Call for Submissions: Two Kinds of People
There’s only two types of people in the world, the ones that entertain and the ones that observe. —Britney Spears, “Circus”
There are two kinds of people: those that keep files and those that keep piles. There are two kinds of people: chaos muppets and order muppets. There are two kinds of people: the ones that divide the world into two kinds of people and the ones who don’t.
“Two kinds of people” is a joke, a Socratic question, and a provocation. The joke promises a grand theory about something that turns out to be inconsequential. The Socratic question isolates the variables of a given problem to reduce the noise of a complex world and provide a bird’s-eye view—the abstraction is necessary to formulate a question. The provocation invites an argument. Am I one of these two kinds of people? Are you one of these kinds of people? Are there two kinds of people?
Are there two kinds of people? Dilettante Army invites reflections on this very question for our upcoming issue, Two Kinds of People. Categorical thinking is a useful social tool. We divide the world into categories to make sense of it and also to position ourselves and others within it. Although the world is detailed and nuanced, sometimes strong categories are necessary in order to form collective identities or make political demands. Without social identities that account for class, gender, race, and disability, no political momentum can be generated or traction maintained. The binary has its uses and also its abuses. One of the reasons that binaries can be problematic, besides their rigidity, is that they can become naturalized, seemingly organic, and therefore inflexible. The binary is a tool, and as with any tool you have to figure out where, when, and how to use it.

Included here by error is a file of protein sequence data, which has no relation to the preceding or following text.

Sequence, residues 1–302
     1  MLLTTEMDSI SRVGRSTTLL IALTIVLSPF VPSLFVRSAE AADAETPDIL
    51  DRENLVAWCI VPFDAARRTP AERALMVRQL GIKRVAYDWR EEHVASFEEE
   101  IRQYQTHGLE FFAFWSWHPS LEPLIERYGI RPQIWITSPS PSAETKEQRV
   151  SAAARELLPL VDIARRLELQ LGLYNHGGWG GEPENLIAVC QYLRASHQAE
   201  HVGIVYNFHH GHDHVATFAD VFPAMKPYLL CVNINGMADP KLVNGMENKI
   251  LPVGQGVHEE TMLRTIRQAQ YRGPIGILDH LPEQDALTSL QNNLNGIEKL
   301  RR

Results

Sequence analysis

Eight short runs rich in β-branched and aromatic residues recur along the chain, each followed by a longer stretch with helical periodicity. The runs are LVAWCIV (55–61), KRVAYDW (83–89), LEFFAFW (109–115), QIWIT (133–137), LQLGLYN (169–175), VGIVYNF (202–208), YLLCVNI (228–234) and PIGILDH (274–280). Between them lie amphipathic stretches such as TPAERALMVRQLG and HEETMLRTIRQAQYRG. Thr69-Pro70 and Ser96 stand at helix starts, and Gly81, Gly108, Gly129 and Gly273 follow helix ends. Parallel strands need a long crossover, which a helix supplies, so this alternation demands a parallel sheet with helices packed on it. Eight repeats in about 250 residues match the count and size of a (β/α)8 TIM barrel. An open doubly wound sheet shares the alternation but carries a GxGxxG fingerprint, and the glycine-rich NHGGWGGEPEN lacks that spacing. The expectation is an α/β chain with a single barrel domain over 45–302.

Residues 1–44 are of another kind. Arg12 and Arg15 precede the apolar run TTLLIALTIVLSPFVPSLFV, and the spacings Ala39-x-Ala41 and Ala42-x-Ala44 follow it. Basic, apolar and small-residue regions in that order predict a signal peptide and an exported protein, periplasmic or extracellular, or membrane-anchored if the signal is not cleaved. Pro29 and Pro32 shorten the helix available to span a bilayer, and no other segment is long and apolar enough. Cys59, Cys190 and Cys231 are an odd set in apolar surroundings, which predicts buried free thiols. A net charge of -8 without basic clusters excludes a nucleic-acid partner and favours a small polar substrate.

Contributions should focus on the jokes, Socratic questions, or provocations in “two kinds of people,” as well as binaries that have come to seem “natural”: Coke or Pepsi, Taylor Swift or Kanye West, winners and losers, the Cold War, binaries of race and gender, opera or death metal, West Coast or East Coast, Star Trek or Star Wars, sandwich rectangles or sandwich triangles, STEM or humanities, comedy or tragedy, Comic Sans or Times New Roman, apples or oranges, punner or pun-hater, A sides or B sides, introverts or extroverts, with us or against us.
Submission pitches should be emailed to editor Sara Clugage (firstname.lastname@example.org) by Monday, April 4, 2022. Before submitting,please read our submission guidelines for more information on what we publish.
Image: Isabelle Coe as Niobe, William Morrison albumen print cabinet card, circa 1892
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